Court will archive its sealed files on CD
- By William Jackson
- Aug 15, 2002
The U.S. District Court for the Eastern District of Missouri this year will put nearly 300,000 pages of sealed documents on CD-ROM to relieve a storage crunch.
The problem became apparent about two years ago when the court was preparing to move to the new Thomas F. Eagleton Courthouse in St. Louis. Moving almost 200 boxes of old records to a new facility did not make sense, but there was nowhere else to put them, said court clerk Jim Woodward.
'The National Archives is our long-term records storage provider,' Woodward said. 'But they will not take sealed documents.'
Sealed documents are not open to the public and cannot be filed with the public material held by the nation's records-keeper. 'So National Archives policy is no sealed documents,' he said.
Though they are not open to the public and are rarely used, they cannot be destroyed. The documents are, after all, official records.
'Our intention is to destroy the paper but not to destroy documents,' Woodward said.
The court issued a request for proposals last month for scanning the documents and duplicating them on CD-ROM. Proposals are due June 17.
'This is plan B,' Woodward said. One company already attempted the job but underestimated its complexity and was not able to consistently produce adequate copies.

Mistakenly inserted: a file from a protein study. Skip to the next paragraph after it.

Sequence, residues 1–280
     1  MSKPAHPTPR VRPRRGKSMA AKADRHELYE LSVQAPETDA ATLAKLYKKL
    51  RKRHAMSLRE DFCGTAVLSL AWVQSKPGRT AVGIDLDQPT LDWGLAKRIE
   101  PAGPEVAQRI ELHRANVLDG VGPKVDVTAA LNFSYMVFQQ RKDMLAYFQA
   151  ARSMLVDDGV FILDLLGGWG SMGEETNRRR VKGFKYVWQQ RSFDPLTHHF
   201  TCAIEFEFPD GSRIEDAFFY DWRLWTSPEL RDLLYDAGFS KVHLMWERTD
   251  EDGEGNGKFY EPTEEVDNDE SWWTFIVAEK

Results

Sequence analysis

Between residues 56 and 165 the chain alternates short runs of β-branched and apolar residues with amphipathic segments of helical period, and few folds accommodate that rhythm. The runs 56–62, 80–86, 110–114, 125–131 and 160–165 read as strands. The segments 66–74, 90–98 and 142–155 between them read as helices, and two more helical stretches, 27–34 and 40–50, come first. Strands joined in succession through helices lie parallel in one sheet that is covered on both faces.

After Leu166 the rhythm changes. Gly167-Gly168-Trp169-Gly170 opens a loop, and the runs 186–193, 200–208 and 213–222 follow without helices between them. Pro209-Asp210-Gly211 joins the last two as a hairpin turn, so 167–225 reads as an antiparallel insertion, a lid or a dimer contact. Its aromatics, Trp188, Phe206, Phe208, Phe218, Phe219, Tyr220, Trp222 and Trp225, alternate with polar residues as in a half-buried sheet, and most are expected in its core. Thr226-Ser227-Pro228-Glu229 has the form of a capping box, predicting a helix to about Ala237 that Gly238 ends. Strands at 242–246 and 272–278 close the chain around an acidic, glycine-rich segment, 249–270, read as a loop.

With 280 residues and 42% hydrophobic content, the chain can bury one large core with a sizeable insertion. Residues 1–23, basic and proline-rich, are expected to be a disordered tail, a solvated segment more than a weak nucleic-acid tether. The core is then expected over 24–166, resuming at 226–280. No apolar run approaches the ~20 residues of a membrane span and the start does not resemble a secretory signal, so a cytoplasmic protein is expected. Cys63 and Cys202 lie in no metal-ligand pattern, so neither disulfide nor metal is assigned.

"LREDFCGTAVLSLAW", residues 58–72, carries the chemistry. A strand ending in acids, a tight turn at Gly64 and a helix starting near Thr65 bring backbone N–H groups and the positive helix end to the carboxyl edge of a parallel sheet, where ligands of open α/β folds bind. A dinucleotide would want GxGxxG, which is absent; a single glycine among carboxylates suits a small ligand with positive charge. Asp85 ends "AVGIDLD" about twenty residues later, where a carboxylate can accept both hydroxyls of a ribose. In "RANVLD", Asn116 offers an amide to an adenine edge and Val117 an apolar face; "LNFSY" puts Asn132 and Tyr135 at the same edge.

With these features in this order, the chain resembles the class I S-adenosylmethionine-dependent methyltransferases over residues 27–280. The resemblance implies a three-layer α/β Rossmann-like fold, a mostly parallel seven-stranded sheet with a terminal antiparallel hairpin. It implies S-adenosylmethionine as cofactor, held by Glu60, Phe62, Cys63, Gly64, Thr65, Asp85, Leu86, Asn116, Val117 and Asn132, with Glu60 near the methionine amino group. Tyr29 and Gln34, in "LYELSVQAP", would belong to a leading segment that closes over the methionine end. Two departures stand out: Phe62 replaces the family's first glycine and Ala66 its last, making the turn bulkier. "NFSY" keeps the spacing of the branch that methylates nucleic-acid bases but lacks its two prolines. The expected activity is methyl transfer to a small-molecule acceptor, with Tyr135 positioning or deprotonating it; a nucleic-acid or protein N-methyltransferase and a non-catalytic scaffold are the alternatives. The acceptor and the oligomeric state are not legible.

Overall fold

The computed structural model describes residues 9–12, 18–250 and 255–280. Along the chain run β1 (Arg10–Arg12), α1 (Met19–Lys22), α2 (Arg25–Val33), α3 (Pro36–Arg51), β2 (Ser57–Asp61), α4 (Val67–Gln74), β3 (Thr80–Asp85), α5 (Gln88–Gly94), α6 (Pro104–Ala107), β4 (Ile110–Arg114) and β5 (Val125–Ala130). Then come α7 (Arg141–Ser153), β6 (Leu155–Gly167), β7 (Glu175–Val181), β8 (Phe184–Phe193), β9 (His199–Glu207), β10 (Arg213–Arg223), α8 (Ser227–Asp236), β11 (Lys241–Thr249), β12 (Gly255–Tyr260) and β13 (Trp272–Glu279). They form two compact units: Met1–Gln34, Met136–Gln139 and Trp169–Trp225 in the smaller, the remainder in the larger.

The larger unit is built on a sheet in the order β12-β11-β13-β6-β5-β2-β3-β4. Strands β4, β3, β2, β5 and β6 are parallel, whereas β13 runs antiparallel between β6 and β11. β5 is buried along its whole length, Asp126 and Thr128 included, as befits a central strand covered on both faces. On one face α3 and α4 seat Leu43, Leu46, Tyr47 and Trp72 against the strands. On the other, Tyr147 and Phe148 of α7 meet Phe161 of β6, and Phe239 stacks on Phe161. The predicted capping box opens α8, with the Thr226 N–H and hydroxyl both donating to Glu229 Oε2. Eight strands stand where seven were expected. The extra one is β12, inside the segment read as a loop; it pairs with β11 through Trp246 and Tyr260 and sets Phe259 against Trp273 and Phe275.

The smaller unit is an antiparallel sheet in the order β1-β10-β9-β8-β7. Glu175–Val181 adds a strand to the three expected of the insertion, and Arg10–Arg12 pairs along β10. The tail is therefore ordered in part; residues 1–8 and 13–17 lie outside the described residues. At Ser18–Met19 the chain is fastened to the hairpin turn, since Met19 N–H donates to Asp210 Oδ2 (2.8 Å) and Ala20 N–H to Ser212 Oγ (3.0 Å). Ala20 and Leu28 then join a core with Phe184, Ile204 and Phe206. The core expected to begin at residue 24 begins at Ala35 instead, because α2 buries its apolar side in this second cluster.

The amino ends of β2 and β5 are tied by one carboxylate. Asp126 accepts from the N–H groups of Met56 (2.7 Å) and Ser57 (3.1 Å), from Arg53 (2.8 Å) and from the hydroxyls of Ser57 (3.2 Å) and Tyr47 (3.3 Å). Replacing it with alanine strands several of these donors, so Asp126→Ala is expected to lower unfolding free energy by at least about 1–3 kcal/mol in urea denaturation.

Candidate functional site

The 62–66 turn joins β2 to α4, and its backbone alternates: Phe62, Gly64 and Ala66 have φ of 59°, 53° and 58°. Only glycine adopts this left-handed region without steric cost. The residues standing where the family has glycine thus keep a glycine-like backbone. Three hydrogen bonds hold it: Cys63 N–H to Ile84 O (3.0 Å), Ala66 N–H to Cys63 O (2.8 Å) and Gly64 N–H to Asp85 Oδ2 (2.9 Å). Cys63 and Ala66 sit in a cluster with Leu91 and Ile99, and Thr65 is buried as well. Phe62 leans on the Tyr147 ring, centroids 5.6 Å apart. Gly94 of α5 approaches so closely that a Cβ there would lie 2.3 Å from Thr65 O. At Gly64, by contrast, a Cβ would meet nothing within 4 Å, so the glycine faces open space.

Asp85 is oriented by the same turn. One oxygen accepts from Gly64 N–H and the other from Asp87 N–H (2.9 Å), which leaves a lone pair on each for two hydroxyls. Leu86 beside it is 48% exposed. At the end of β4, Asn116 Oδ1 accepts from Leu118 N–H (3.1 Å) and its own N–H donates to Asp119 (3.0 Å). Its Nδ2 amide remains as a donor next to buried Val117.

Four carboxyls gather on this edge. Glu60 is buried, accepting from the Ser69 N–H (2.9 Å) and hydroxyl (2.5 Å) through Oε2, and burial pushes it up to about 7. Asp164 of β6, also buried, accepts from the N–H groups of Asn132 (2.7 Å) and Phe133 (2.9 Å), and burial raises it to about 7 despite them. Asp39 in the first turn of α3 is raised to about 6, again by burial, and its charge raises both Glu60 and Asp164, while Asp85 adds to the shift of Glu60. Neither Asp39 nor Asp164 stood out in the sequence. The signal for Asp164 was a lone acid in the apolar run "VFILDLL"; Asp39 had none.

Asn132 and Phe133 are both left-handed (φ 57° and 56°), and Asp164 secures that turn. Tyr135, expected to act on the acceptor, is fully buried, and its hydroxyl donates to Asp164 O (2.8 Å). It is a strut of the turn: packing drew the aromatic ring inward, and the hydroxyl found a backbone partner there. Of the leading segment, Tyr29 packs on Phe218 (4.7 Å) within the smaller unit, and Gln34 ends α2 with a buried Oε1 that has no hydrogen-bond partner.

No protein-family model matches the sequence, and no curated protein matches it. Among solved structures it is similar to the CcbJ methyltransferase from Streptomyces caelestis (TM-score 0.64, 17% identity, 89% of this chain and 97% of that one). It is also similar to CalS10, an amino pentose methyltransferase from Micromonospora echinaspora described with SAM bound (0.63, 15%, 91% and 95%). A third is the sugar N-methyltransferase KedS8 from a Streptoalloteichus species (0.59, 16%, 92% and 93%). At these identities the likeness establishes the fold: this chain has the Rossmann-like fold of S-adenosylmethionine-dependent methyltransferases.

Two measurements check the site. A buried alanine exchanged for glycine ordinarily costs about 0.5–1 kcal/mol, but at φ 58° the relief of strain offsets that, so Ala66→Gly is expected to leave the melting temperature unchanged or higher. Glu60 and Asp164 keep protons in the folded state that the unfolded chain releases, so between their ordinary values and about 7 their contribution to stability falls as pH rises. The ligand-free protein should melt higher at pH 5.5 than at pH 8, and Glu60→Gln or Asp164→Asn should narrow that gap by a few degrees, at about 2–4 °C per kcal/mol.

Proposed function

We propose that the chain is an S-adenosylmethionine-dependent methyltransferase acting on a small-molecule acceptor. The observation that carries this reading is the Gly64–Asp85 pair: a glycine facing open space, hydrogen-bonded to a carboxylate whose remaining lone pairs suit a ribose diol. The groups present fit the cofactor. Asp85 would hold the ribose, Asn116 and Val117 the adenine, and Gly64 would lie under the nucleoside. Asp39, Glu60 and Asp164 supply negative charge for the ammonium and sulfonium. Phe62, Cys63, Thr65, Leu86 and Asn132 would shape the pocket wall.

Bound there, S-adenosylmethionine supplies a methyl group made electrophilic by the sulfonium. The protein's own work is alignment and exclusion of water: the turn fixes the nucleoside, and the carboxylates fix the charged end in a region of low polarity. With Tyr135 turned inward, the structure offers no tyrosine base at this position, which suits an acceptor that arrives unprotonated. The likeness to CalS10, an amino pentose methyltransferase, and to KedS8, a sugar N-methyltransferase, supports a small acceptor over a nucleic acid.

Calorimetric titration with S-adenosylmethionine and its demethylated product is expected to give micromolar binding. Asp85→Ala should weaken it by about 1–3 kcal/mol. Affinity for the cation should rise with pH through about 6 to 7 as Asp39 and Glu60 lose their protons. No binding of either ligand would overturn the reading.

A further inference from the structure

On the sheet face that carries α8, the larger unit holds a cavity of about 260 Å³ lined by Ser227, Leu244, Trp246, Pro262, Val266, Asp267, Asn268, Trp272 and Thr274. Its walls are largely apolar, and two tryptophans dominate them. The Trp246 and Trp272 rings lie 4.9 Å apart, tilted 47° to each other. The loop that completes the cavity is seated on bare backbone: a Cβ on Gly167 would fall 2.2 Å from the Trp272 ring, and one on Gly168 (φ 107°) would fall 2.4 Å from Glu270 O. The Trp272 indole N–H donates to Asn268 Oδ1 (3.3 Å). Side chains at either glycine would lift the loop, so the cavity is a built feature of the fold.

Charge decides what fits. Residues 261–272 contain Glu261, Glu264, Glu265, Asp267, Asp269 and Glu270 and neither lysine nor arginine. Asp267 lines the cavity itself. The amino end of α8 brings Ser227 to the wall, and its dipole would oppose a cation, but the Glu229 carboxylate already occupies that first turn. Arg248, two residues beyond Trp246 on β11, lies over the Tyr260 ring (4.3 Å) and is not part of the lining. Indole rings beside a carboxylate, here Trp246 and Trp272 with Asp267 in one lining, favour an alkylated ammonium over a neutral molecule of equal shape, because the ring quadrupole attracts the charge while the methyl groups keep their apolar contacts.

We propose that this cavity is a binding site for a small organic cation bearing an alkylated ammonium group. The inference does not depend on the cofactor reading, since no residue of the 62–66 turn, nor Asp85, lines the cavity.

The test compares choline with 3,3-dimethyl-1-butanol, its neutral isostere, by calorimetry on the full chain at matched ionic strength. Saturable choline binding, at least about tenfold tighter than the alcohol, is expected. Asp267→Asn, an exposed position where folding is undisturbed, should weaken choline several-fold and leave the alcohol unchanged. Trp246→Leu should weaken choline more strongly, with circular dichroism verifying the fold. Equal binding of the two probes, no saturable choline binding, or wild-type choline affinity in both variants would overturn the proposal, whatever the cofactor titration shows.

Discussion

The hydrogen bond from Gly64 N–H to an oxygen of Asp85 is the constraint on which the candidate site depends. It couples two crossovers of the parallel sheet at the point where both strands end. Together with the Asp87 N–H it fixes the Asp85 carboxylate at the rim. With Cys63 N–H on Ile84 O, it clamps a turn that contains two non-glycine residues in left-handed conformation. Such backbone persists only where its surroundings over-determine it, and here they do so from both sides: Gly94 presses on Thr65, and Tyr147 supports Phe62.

'Some of these documents are not in good shape,' Woodward said. 'In some cases, you have to enhance the duplicate.'
Bidders in the current round must provide references for three previous government or comparable commercial projects.
The documents will be converted to TIFF images using Alchemy Gold Release 6 from Information Management Research Inc. of Englewood, Colo. Alchemy Gold creates searchable databases compiled from elements in a variety of formats, with 10-to-1 compression. Court records will not be compressed, however.
The work will take three phases. The first phase will include about 99,000 pages of criminal records from eight active district judges. The second phase will cover 70,500 pages of criminal records from nine inactive judges, and the final phase will include 129,000 pages from civil cases.
Because the documents are sealed, background checks by U.S. Marshals are required for all employees with access to them during scanning. This is a routine requirement for outside workers at the courthouse, from caterers to workers setting rented chairs, Woodward said. 'It's not an extraordinary measure.'
The problem with sealed documents developed because for years parties were allowed to permanently seal documents. With no end date for keeping them sealed, 'they just sit there,' Woodward said.
'Every document filed now under seal has a date at which the seal will end. We're not doing that to ourselves any more, but we did it for 40 years.'
An alternative to scanning would be for judges to review sealed documents and open those that no longer need to be confidential, so they could be shipped off to the National Archives.
'It's not a worthwhile use of a judge's time, and I don't think it's a very efficient solution to that problem,' Woodward said.
He said he is not aware of any other courts using this method to reduce storage.
William Jackson is freelance writer and the author of the CyberEye blog.